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Thread: Terezin, Czech republic. 05/1997

  1. #1
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    February 2011
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    Default Terezin, Czech republic. 05/1997


    Not sure if this location really 'fits' here as it is accessible to the public for visits and therefore is it really derelict?

    However, 14 years after my visit, this place still haunts me. That is something i cannot say about any other location i have photographed. I recently unearthed the prints and have scanned them. The sense of desperation, isolation and horror you feel when walking around all came flooding back. This place really is worth a visit, it's humbling.

    Some background, plagiarised from http://www.jewishvirtuallibrary.org and my own memory.

    This napoleonic garrison town was built to the northwest of Prague in 1780.
    Hitler, the world was to be told, had built a city for the Jews, to protect them from the vagaries and stresses of the war. A film was made to show this mythic, idyllic city to which his henchmen were taking the Jews from the Czech Lands and eight other countries. Notable musicians, writers, artists, and leaders were sent there for “safer” keeping than was to be afforded elsewhere in Hitler’s quest to stave off any uprisings or objections around the so-called civilized world. This ruse worked for a very long time, to the great detriment of the nearly two hundred thousand men, women and children who passed through its gates as a way station to Auschwitz and probable death.
    Of the vast majority of Czech Jews who were taken to Terezin (or Theresienstadt), 97,297 died among whom were 15,000 children. Only 132 of those children were known to have survived.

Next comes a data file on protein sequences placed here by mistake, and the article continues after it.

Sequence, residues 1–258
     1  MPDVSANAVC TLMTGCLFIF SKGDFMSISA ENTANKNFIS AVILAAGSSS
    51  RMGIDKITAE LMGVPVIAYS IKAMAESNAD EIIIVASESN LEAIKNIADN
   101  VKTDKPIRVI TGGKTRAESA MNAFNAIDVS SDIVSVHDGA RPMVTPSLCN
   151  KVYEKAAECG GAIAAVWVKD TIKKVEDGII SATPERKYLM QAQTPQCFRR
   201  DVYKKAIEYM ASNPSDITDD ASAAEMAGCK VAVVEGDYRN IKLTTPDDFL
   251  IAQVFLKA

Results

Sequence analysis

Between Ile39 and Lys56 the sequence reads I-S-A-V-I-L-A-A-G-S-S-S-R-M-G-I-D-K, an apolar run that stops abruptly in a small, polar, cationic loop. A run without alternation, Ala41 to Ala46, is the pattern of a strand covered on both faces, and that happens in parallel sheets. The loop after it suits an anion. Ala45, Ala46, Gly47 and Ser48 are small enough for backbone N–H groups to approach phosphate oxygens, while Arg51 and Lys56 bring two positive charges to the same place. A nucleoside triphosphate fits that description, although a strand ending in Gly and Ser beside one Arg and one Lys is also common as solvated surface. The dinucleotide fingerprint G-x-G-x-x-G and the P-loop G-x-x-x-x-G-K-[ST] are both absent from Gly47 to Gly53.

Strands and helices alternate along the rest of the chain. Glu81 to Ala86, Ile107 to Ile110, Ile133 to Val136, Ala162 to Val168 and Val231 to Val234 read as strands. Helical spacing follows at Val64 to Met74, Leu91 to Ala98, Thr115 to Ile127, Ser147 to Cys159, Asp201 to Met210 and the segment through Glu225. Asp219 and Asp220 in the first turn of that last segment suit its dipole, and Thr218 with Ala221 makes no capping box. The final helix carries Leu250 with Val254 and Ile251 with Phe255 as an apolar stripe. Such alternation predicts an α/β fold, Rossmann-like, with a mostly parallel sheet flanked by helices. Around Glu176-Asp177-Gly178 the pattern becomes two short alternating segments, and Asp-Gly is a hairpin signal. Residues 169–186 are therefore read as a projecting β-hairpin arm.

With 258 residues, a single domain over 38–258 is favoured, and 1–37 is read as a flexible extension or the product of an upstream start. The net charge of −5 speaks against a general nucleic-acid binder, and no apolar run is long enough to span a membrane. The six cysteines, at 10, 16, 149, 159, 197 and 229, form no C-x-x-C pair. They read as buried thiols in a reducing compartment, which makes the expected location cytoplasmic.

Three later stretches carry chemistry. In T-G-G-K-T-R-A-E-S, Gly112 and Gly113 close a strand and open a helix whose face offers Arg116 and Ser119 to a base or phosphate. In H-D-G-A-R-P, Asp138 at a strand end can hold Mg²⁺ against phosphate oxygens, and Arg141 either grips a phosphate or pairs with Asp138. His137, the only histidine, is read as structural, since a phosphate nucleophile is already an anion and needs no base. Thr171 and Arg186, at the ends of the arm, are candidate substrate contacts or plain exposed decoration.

the pics:



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    8:This is one image that really gets to me. The Pool, built in 1942 as a reservoir for fire-fighting purposes, served the families of the local guards for bathing. It was constructed by inmates, who were tortured and beaten to death during the work. In the background you can see the execution wall, still riddled with bullet holes.

  2. Thanks given by: bungle bonce, Curious Dragon, Derelict-UK, dutchmartin, Foxylady, hnmisty, krisan, Mimble, podman, RichardH, Seahorse
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  4. #2
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    February 2011
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    They are some great photos and thank you for explaining the story behind this site.

    My interest lies with WW2 history so this is right up my street. Places like this leave you with such a chill, you leave feeling so subdued and dare I say humble.

    The figures you quoted of children (and adults) who died is truely horrific

  5. Thanks given by: weldybren
  6. #3
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    This is a place that I knew nothing about. Thankyou for posting this, weldybren. As Curious Dragon said, it really is humbling...it breaks my heart...but it's good to have these places documented so that we don't forget.
    "...If we lose our spiritual bond with the land they'll be nothing left of us as a nation..." Phil Rickman.

    I can't read and I can't write, but that don't really matter,
    I come from the west country and I can drive a tractor.


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  7. Thanks given by: weldybren

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DerelictPlaces is a forum for people with an interest in the history and documentation of disused, derelict and abandoned buildings to come together and share their experiences, photography and historical findings. Our military, industrial and historical heritage is fast disappearing under the pressure of regeneration, the need for new housing, and often through simple neglect; Our aim is to document these places before they disappear entirely.
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